This website began in December 2007.  It contains data gleaned from a variety of sources.  The primary source is the 1955 published genealogy of Philip Argenti, [this and other sources can be found by clicking on the front page’s source button] part of which has been updated and placed on Christopher Long’s website.  Electronic resources available on the internet include UK’s National Archives, the genealogy website ancestry.com, the London Gazette,  UK’s historical directories, Marseille BMD records on-line, and US immigration records.


Data on the living cannot be viewed without a username/password.  This can be requested by clicking the appropriate button.


The website’s data are as follows (as of 22 June 2012):


name of tree

number of individuals

number  alive today







Total (with overlaps)




In addition, much of the data comes from family records and correspondence, visits to cemeteries, archival research in libraries and churches.  Information has been provided by various individuals.  George Agelasto visited, took photos and collected information in Athens and on Chios.  He and Michael Agelasto visited Marseille and Liverpool; the latter visited London, Alexandria and Istanbul.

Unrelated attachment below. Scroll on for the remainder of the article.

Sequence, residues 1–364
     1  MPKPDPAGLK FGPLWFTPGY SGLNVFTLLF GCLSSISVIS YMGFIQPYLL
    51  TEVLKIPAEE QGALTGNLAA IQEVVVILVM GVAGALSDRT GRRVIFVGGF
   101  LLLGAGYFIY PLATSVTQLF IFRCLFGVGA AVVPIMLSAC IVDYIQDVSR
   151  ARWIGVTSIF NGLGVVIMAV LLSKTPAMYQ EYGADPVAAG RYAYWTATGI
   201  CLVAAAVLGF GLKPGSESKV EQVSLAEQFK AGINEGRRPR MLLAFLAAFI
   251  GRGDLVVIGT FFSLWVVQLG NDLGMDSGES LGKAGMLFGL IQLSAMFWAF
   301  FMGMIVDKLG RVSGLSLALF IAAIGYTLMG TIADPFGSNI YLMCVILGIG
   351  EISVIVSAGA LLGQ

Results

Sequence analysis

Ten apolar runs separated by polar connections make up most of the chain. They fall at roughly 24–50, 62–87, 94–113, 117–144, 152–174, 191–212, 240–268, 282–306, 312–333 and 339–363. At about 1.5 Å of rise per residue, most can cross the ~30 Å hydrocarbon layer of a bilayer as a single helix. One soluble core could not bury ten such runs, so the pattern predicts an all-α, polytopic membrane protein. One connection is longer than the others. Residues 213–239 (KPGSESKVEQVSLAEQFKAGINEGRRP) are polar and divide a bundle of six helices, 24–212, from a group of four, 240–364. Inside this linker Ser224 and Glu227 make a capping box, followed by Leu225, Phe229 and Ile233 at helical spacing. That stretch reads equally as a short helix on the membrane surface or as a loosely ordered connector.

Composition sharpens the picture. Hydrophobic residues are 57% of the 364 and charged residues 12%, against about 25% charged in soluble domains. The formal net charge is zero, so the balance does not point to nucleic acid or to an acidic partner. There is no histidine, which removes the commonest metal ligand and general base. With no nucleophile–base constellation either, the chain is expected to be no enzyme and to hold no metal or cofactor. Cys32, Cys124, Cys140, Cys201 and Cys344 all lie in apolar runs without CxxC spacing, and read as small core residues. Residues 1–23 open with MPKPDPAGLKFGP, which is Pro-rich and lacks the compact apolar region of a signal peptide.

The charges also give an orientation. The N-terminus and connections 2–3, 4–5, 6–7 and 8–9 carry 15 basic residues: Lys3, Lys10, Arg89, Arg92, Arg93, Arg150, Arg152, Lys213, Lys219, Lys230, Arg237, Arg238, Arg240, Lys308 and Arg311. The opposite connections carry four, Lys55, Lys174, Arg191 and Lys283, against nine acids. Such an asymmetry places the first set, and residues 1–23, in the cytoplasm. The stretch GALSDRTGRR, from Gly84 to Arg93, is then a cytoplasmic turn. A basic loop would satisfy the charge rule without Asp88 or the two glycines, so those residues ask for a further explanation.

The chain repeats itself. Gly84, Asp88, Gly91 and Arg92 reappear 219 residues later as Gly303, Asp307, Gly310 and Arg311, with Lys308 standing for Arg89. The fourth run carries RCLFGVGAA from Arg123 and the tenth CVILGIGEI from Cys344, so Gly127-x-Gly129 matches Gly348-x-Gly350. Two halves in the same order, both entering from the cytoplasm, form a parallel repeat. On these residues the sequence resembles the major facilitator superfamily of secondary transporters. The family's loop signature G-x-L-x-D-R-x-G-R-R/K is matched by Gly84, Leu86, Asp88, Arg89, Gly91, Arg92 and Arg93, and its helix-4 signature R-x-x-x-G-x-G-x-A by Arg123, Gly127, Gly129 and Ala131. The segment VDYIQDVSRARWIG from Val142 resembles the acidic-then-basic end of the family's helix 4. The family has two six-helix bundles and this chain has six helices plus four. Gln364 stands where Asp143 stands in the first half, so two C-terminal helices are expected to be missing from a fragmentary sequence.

Much work remains to be done.  At the upper left of the front page, if you search for ‘unknown’ as ‘First Name’ you will find the 38 individuals whom we have still not been able to place on the Agelasto tree.  On the bright side, since this research began Michael and George have been able to graft on branches that include several dozen Agelastos whose lines were omitted by Argenti. 

Many people and institutions -- church, governmental, community -- have helped us in our search for bloodline Agelastos. Much data, however, remain inaccessible. Formal letters to Constantinople have for the past year awaited a reply. Informally, we've been told one must provide a name, a church (from among a hundred), date and event. Of course, if we knew all this, why would we be asking? The current bishop of Alexandria -- unlike his immediate predecessor -- considers church records "secret," available only to next of kin, the very unknowns we need data to locate. In contrast, one of the best places for genealogy research is Marseille, France. The French excel at record keeping and make duplicate copies of certificates in case one were ever to be lost or damaged. The two copies are identical in content, but not exactly identical as they are handwritten, although scribed by the same clerk. This is demonstrated by comparing the death certificates of Pandia Agelasto. In any case we'll keep persisting; maybe the guardians of Agelasto data will become more genealogy-friendly. Or these tasks will be for the next generations.


The splendid software that has facilitated this research is found by the link displayed at the bottom of the webpages.